278914 Morphology and Molecular Weight Control of Core-Shell Polymer Nanoparticles

Monday, October 29, 2012: 3:37 PM
Conference A (Omni )
Ibrahim A. El-Hedok, Chemical & Biological Engineering, Iowa State University, Ames, IA and Jennifer M. O'Donnell, Chemical and Biological Engineering, Iowa State University, Ames, IA

Colloidally stable core-shell polymer nanoparticles can be simply synthesized using microemulsion polymerization through the semi-continuous addition of a second monomer to form the shell around seed polymer particles. However, there are two main limitations of traditional semi-continuous microemulsion polymerization. The first disadvantage is the lack of control over the molecular weight and polydispersity. While the second limitation is the challenge in maintaining the location of the shell forming polymer, since the morphology of the core-shell polymer is determined by equilibrium thermodynamics that is dictated by the polymer chemistry and composition. For instance, if the added polymer thermodynamically favors to be in the core more than the first seed polymer, phase inversion occurs between the core and shell polymers. In this work, we aim to produce core-shell polymer nanoparticles by employing a controlled polymerization technique, i.e. reversible addition-fragmentation chain transfer (RAFT), in semi-continuous microemulsion polymerization which enables us to obtain predefined molecular weight polymers and architectures that are inaccessible by current synthetic techniques.

RAFT is a successfully implemented method for controlling homogenous polymerization for producing polymers with low polydispersity and predefined molecular weight. The RAFT technique relies on a chain transfer agent (CTA) which controls the propagation of the polymer chains. Performing RAFT in heterogeneous microemulsion polymerization has been proven to facilitate the synthesis of latex nanoparticles with predetermined molecular weight and low polydispersity. In recent work, we have investigated enhancing the polymerization control in RAFT microemulsion polymerization by fixing the location of the CTA at the surface of the polymer particle through attaching a surface-active moiety to the CTA structure. Here, we extend our work to investigate the use of surface-active CTA for the synthesis of core-shell polymer nanoparticles. There are several advantages for using surface-active CTA in RAFT semi-continuous microemulsion polymerization:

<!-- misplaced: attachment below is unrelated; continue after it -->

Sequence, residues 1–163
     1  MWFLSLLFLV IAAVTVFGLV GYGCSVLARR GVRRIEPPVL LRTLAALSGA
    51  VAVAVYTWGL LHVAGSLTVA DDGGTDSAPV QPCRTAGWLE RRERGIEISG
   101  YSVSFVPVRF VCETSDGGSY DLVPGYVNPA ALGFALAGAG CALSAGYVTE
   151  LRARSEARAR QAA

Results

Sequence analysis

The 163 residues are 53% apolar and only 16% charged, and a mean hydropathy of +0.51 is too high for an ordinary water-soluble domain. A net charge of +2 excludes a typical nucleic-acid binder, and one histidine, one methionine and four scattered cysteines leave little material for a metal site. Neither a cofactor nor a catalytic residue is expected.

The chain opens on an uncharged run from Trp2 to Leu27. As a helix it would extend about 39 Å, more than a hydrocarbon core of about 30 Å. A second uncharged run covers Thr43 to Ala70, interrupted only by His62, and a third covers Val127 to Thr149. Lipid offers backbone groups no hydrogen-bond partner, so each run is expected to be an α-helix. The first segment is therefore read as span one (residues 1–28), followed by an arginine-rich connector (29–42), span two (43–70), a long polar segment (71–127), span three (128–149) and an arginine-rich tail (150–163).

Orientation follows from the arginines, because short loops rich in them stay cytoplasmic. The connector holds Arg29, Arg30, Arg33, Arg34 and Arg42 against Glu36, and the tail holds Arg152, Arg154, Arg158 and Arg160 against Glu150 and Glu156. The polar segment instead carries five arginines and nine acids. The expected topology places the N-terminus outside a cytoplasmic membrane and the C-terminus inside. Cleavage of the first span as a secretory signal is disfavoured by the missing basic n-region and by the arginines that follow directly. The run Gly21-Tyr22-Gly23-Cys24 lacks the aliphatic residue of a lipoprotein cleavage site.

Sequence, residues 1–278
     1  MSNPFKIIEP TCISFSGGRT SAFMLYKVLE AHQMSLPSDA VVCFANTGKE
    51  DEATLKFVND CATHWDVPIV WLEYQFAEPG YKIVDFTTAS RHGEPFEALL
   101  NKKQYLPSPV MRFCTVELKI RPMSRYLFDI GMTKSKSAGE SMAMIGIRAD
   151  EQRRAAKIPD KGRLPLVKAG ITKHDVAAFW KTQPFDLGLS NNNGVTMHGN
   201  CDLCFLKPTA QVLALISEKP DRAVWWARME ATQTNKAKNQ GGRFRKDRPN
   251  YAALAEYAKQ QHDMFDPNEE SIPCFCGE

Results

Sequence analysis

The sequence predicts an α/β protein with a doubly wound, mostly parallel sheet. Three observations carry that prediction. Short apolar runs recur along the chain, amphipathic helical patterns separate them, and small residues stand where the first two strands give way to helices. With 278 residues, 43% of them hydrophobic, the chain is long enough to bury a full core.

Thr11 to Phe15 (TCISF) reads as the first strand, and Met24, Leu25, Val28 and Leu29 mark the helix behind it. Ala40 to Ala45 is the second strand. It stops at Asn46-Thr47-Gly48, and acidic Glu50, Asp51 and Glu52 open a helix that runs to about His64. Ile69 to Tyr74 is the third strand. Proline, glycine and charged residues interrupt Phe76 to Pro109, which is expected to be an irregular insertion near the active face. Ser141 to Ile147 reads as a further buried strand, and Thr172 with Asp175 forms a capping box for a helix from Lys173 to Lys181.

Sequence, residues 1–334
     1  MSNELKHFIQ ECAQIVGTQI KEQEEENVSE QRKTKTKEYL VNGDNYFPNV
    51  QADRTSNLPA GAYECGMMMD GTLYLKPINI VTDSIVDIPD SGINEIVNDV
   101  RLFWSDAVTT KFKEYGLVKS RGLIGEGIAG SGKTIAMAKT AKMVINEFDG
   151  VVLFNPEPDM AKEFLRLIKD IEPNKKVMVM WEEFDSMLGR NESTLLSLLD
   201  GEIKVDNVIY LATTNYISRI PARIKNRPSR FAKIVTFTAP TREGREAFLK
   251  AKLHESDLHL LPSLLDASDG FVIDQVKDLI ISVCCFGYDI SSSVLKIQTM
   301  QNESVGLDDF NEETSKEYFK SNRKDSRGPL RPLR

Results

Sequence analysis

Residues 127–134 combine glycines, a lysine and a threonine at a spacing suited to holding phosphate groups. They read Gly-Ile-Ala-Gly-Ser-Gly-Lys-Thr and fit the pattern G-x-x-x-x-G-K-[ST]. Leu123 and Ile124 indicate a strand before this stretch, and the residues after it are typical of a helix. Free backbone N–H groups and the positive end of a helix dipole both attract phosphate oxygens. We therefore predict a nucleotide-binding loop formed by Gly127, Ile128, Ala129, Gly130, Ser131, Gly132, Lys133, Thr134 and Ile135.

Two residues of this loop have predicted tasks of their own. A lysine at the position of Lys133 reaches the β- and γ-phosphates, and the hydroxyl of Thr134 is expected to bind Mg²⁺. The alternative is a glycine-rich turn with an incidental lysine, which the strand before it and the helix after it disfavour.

(1)   Block copolymer shell formation:The polymer propagation is constrained to the corona of the particle, which promotes the formation of a block co-polymer shell with further second monomer addition.

(2)   Prevention of phase inversion:The covalent attachment of the surface-active CTA to the end of the polymer introduces an energetic penalty for transferring the shell polymer to the core of the particle, and thus diminishes the driving force for phase inversion with the right concentration of surface-active CTA per particle.

(3)   Surface functionality:The surface-active CTA permits further surface functionalization by simple chemical modification of the CTA.

 In this work we investigate the core-shell synthesis of n- butyl acrylate (BA) and styrene (St) using RAFT microemulsion with surface-active chain transfer agent, 2-((11-(((benzylthio)carbonothioyl)thio)undecanoyl)oxy)-N,N,N-trimethylammonium iodide (B11T). In the literature, it has been shown experimentally and theoretically that at 50:50 St to BA ratio, St favors to form the shell while BA favors to be in the core, irrespective of monomer addition sequence. We hypothesize that, with enough B11T chain transfer agents, phase inversion can be prevented during St/BA semi-continuous microemulsion polymerization.

The number average molecular weight, polydispersity, and rate of polymerization are analyzed during the semi-continuous microemulsion polymerization to assess polymerization control and kinetics, while the final morphology of the polymer particles will be directly visualized by transmission electron microscopy. The results will be compared against core-shell synthesis using traditional semi-continuous microemulsion polymerization, and shall provide an understanding of the requirement to prevent phase inversion.

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See more of this Session: Functional Nanoparticles and Nanocoatings On Particles III
See more of this Group/Topical: Particle Technology Forum